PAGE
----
The following is a brief description of FERPA as provided by the Federal government:
The Family Educational Rights and Privacy Act (FERPA) (20 U.S.C. § 1232g; 34 CFR Part 99) is a Federal law that protects the privacy of students’ education records. The law applies to all schools that receive funds under an applicable program of the U.S. Department of Education.
FERPA gives parents certain rights with respect to their children's education records. These rights transfer to the student when he or she reaches the age of 18 or attends a school beyond the high school level. Schools are not required to provide copies of records unless, for reasons such as great distance, it is impossible for parents or eligible students to review the records. Schools may charge a fee for copies.
- Parents or eligible students have the right to request that a school correct records which they believe to be inaccurate or misleading. If the school decides not to amend the record, the parent or eligible student then has the right to a formal hearing. After the hearing, if the school still decides not to amend the record, the parent or eligible student has the right to place a statement with the record setting forth his or her view about the contested information.
- Generally, schools must have written permission from the parent or eligible student in order to release any information from a student's education record. However, FERPA allows schools to disclose those records, without consent, to the following parties or under the following conditions (34 CFR § 99.31):
- School officials with legitimate educational interest;
- Other schools to which a student is transferring;
- Specified officials for audit or evaluation purposes;
- Appropriate parties in connection with financial aid to a student;
- Organizations conducting certain studies for or on behalf of the school;
- Accrediting organizations;
- To comply with a judicial order or lawfully issued subpoena;
- Appropriate officials in cases of health and safety emergencies; and
- State and local authorities, within a juvenile justice system, pursuant to specific State law.
Schools may disclose, without consent, "directory" information such as a student's name, address, telephone number, honors and awards, and dates of attendance. However, schools must tell parents and eligible students about directory information and allow parents and eligible students a reasonable amount of time to request that the school not disclose directory information about them. Schools must notify parents and eligible students annually of their rights under FERPA. The actual means of notification (special letter, inclusion in a PTA bulletin, student handbook, or newspaper article) is left to the discretion of each school.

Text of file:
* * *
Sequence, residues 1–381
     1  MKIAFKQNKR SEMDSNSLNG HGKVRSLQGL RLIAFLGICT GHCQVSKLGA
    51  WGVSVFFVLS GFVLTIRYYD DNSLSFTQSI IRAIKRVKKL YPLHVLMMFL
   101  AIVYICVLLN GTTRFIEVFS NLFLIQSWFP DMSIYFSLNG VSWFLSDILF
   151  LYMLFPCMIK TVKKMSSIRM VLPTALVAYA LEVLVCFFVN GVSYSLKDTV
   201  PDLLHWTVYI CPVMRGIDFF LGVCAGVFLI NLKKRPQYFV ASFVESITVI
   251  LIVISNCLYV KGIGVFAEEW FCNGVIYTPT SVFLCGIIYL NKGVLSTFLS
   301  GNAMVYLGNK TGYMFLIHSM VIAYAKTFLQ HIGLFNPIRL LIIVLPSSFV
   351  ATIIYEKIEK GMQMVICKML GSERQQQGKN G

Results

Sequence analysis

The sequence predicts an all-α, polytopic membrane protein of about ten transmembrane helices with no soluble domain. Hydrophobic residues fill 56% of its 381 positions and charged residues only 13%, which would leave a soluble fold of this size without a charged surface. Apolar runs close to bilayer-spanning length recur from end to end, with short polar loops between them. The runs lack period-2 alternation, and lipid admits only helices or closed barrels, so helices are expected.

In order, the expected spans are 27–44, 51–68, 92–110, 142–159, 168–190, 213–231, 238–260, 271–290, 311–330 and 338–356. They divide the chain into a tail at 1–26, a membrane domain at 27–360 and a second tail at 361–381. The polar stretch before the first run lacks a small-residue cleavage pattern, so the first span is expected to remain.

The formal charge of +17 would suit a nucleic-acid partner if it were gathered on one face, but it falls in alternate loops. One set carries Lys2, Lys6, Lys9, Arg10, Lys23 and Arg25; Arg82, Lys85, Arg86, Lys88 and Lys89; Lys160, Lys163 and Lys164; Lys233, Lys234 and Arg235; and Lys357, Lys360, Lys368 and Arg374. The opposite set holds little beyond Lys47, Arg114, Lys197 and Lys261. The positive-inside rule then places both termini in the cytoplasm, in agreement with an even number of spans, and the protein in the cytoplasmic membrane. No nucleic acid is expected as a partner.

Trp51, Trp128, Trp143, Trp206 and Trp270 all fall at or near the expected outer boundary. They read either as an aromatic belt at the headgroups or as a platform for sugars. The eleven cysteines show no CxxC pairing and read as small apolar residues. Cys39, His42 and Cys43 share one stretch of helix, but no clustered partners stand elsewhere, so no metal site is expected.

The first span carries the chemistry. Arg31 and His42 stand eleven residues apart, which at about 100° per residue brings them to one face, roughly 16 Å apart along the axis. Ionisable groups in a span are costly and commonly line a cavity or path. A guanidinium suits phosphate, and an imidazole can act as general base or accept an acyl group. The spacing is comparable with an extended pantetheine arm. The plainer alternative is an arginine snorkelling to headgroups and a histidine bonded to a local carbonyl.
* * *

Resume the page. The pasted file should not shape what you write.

For additional information or technical assistance, you may call (202) 260-3887 (voice). Individuals who use TDD may call the Federal Information Relay Service at 1-800-877-8339.
Or you may contact us at the following address:
Family Policy Compliance Office
U.S. Department of Education
400 Maryland Avenue, SW
Washington, D.C. 20202-5920
Barry University considers the following information regarding every student to be directory information:
- address (including email address)
- telephone number
- honors and awards
- dates of attendance.
- if a student is an athlete, the university may also disclose height and weight.
The University uses the definition of “education record” used in FERPA. That is, “Education records are currently defined as records that are directly related to a student and maintained by an educational agency or institution. This includes academic records and student conduct files.
The following are excerpts copied from publications from the Department of Education which clearly define what is and what is not permissible under FERPA:
Health or Safety Emergency
In an emergency, FERPA permits school officials to disclose without student consent, education records, including personally identifiable information from those records, to protect the health or safety of students or other individuals. At such times, records and information may be released to appropriate parties such as law enforcement officials, public health officials, and trained medical personnel. See 34 CFR § 99.31(a)(10) and § 99.36. This exception to FERPA’s general consent rule is limited to the period of the emergency and generally does not allow for a blanket release of personally identifiable information from a student’s education records. In addition, the Department interprets FERPA to permit institutions to disclose information from education records to parents if a health or safety emergency involves their son or daughter.